Each of these is no small thing in and of itself, and worthy of longer treatment. So presenting all of the concepts that lead up to thinking about rejuvenation biotechnologies is time-consuming, hard to do well, and requires a willing and interested audience. Unfortunately few people in the broader public are in fact willing put in the effort to follow you, me, or anyone else with a complicated idea all the way from square one to the end point. That takes time and attention-both of which are precious commodities, hard to obtain at the best of times. Thus the ideas that do gain traction in our culture are those that can be successfully communicated in a short period of time, because they build directly upon what is already known.

The Example of Hotmail

The recent past provides many good examples of ideas that could be quickly communicated to the public at large, and as a result rapidly gained interest and support. Hotmail is one such example: when the company was founded in 1996, it was the first service to offer email over the web. The founders were petrified that they would be beaten to the punch because the idea was absolutely obvious in hindsight: take email, take websites, and merge the two. Anyone in the internet-using world could easily grasp that concept, and the service took off like wildfire when it launched.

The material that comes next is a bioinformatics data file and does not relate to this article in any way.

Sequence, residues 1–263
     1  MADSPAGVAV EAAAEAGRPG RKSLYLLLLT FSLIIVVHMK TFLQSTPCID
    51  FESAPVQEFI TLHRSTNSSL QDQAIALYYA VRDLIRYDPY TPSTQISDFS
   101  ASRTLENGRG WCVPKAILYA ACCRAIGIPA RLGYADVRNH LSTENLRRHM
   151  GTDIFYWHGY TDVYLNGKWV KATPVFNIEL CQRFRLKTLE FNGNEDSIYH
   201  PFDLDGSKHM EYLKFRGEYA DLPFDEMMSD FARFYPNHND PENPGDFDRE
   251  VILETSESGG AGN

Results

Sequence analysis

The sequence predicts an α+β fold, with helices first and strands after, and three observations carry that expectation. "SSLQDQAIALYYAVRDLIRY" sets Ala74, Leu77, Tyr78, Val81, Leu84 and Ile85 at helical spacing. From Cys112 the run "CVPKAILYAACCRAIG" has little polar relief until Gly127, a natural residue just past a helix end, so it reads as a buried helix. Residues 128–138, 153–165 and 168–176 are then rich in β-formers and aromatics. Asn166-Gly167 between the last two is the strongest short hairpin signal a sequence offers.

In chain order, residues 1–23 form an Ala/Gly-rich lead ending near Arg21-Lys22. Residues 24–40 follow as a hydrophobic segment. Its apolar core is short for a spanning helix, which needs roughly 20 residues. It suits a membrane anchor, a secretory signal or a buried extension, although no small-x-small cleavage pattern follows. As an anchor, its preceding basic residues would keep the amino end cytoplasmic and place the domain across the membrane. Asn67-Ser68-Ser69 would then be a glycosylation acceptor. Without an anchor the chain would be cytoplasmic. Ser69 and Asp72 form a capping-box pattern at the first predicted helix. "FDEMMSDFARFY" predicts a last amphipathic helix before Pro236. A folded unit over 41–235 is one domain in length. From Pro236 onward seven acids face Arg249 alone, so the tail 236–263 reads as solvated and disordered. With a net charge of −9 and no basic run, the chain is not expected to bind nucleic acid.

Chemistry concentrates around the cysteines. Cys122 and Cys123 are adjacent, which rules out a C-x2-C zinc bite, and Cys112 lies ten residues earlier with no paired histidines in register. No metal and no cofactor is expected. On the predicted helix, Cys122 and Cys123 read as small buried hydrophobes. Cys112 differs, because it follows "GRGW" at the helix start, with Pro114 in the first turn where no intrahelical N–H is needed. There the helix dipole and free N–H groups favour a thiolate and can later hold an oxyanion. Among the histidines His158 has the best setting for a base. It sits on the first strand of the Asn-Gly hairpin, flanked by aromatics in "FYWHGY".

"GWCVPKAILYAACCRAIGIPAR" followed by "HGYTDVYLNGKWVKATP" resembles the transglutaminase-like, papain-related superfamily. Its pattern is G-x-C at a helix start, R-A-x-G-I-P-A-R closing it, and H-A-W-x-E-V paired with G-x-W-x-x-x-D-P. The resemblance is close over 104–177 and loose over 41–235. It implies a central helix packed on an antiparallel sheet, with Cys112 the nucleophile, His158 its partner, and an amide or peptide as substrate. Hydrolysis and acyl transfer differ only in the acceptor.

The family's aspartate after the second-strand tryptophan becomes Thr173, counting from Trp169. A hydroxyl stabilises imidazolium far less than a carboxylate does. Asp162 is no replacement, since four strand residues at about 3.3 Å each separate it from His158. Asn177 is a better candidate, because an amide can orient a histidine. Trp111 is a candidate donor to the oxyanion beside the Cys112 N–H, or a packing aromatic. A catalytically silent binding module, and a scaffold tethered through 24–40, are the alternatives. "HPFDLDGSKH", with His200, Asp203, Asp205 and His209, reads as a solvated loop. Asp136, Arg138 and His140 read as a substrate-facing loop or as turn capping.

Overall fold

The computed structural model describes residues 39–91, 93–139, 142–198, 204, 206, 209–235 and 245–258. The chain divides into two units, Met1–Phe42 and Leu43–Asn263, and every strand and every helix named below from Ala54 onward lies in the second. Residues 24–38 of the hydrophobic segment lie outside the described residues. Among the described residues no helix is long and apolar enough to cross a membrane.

But let's stop to think about that for a moment. Both email and the way in which most people experience the web are in and of themselves very complicated concepts. Imagine that some visionary fellow gave you the task of explaining to the public an email service used via a web site in 1970: you would be right back to having to explain many foundational, unfamiliar concepts to an audience unwilling to give you sufficient time and attention. What is a network? How do ordinary people connect to or even use a network? What is a web browser? How does an ecosystem of websites and hosting services arise? Why would I need email, or some sort of patchwork visual information service? And so forth.

Nonetheless, in 1996 Hotmail was an idea that could be conveyed and understood in a single sentence. "Email via a website." When we consider this and other similar examples, we see that there must be an ongoing process by which complex, unfamiliar, and challenging ideas become simple, familiar, and easily communicated ideas.

Layers of Knowledge, Attention, and Expertise